Another adventure begins: Irish adventurers start out for the North Pole
Charlie Bird isn't the only Irish person navigating the Arctic. Adventurers Clare O'Leary and Mike O'Shea have set off on a remarkable attempt to travel by ski across the Arctic ice to the North Pole
Clare O'Leary and Mike O'Shea getting dropped off by plane at the starting point of their North Pole expedition. Photograph: Lifeproof ice project
I’ve just heard the news that Clare O'Leary and Mike O’Shea have begun their attempt to reach the North Pole. Unfortunately our paths did not cross in Resolute Bay while they were making their final preparations. I had already moved on to Grise Fiord. What they are undertaking is not for a faint-hearted. Clare, who is one of Ireland’s foremost female adventurers’, has already made two attempts to reach the North Pole. This is her third attempt. For Mike, her partner, this is his second attempt. Both have already made it to the South Pole.
Chatting by phone with Clare and Mike the other day, from here in Grise Fiord, they told me, they are with good fortune, hoping to do it in about 46 days. A number of other teams and individuals are also setting off around now.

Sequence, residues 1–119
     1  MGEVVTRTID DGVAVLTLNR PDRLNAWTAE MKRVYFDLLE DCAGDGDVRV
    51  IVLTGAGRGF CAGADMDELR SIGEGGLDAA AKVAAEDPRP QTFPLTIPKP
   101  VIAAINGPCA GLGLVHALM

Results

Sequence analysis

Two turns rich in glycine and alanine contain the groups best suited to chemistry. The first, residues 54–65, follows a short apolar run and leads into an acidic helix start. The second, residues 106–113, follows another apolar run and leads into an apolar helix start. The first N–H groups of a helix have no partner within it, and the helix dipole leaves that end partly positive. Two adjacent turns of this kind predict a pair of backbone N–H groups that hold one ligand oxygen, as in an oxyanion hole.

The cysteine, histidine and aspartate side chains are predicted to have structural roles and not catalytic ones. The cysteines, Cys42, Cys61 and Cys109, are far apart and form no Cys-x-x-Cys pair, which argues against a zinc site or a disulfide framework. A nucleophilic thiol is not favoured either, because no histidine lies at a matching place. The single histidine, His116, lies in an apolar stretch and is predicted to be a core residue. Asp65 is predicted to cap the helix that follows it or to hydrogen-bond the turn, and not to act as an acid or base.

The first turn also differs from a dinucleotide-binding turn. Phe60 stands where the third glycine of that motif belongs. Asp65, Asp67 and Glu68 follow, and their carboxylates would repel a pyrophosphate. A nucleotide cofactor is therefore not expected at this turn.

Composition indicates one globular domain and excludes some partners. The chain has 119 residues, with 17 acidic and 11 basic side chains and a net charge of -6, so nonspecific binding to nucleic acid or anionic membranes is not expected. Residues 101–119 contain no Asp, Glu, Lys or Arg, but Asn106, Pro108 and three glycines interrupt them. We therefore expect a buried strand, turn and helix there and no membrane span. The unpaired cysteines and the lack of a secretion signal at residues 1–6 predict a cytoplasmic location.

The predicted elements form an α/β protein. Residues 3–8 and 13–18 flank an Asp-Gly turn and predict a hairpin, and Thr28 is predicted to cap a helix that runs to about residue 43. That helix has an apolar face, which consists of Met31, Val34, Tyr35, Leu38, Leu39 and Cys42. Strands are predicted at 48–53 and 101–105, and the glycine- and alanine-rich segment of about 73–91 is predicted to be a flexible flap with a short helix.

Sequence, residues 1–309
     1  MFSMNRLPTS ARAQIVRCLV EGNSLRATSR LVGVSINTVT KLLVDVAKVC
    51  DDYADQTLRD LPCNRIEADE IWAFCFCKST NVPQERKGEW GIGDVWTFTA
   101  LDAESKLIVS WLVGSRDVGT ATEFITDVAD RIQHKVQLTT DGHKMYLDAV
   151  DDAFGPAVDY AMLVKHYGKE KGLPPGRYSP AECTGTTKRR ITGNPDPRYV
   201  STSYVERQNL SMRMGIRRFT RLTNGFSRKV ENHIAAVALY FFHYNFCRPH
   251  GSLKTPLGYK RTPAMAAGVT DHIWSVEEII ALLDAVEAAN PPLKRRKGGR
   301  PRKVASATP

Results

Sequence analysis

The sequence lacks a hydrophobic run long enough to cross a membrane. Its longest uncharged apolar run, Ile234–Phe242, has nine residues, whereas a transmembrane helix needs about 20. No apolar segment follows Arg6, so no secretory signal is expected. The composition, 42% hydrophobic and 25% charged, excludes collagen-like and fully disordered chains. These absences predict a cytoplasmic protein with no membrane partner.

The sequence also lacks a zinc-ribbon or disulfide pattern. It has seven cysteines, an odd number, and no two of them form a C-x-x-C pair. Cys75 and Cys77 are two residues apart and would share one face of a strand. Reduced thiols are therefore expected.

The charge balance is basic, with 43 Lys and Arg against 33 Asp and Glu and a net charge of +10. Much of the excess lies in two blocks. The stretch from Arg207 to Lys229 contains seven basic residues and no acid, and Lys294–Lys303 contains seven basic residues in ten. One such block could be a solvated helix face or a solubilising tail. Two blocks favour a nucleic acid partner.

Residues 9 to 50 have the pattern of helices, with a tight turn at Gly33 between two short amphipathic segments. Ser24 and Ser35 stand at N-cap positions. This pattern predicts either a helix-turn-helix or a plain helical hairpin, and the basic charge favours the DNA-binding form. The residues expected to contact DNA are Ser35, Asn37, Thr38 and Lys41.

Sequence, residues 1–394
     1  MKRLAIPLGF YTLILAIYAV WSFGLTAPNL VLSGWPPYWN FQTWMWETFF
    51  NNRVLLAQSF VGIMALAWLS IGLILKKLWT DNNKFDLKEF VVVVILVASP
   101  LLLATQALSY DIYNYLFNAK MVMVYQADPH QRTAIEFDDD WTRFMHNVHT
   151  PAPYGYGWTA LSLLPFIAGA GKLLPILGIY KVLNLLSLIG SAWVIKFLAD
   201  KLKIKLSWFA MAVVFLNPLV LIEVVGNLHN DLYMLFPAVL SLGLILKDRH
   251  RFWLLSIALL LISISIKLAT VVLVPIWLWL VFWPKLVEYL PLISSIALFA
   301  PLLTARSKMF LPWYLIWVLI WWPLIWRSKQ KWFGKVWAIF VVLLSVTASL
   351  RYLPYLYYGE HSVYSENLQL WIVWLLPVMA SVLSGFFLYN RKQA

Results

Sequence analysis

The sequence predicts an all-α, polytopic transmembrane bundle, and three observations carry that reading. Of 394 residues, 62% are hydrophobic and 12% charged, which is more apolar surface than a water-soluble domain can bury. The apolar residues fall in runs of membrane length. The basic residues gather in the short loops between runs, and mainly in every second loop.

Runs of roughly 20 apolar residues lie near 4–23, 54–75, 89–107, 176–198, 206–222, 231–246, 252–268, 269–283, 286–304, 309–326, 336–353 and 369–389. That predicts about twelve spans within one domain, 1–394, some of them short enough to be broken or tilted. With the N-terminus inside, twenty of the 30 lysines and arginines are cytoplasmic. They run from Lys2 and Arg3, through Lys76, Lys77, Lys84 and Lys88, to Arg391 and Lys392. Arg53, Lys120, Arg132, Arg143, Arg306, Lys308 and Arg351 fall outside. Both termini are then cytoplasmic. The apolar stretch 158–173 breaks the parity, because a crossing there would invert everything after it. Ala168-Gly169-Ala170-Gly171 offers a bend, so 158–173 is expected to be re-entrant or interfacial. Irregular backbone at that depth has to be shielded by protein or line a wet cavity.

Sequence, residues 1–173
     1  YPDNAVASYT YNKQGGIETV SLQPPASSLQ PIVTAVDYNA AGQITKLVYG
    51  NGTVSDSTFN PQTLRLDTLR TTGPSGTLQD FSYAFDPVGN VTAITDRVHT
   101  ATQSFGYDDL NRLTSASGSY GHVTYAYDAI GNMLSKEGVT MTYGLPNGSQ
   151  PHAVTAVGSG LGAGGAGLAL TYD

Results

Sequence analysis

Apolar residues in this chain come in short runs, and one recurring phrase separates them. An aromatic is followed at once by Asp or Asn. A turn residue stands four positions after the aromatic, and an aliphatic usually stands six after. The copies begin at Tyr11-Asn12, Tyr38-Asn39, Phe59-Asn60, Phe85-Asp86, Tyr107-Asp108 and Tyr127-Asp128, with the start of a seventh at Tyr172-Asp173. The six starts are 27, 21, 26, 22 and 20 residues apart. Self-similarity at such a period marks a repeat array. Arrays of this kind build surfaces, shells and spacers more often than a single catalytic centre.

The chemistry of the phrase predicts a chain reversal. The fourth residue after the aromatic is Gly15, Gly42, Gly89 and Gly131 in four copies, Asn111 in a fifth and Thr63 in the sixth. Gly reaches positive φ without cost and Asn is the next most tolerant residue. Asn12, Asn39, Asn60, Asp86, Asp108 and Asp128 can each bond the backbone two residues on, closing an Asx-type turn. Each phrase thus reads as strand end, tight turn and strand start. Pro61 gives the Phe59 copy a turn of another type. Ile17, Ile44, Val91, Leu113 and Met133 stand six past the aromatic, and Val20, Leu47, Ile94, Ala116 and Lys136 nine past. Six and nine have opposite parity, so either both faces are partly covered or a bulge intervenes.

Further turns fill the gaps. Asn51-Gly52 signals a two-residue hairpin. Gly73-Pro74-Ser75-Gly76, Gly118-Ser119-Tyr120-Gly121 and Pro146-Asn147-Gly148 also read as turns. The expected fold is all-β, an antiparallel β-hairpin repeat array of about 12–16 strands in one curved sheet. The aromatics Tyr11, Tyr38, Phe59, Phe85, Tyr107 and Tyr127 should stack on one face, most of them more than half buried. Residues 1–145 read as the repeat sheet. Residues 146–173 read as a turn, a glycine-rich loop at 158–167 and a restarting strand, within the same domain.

It has been three years since anyone has reached the North Pole from the Canadian side of the Arctic. According to Matty McNair, the American adventurer who lives in Iqaluit (see video above), it may not be possible soon to attempt to travel over ice to the North Pole, given the state of the sea ice in the Arctic as a result of climate change.
Clare and Mike will both be pulling what they call their ‘pulks’ or sledges with their supplies, food and tent. They also carry a shot-gun to ward off the polar bears. Mike says they will be re-supplied twice on en-route. A Japanese adventurer who headed off with them on the same plane is hoping to make it to the pole without any resupply. With good fortune hopefully they will arrive at the North Pole the week after Easter.
The world may be smaller place today with all the different modes of transport; however heading off to ski to the North Pole is just as daunting as it was a hundred years ago.
Clothing and communications is better but they still have to do the hard slog in one of the coldest places on the planet. Safe journey Clare and Mike it’s great to see the real spirit of adventure is still alive.
Yesterday the pilots who dropped them on the sea ice above Ellesmere Island arrived here in Grise Fiord on one of the twice-weekly flights from Resolute Bay.
They told me they left them at around 81 degrees north and the temperature was touching minus 47C. At the end of the first short day they had covered just under 3 kilometers of a 788 kilometer journey.
You can follow Clare and Mike’s progress @theiceproject.orgˇ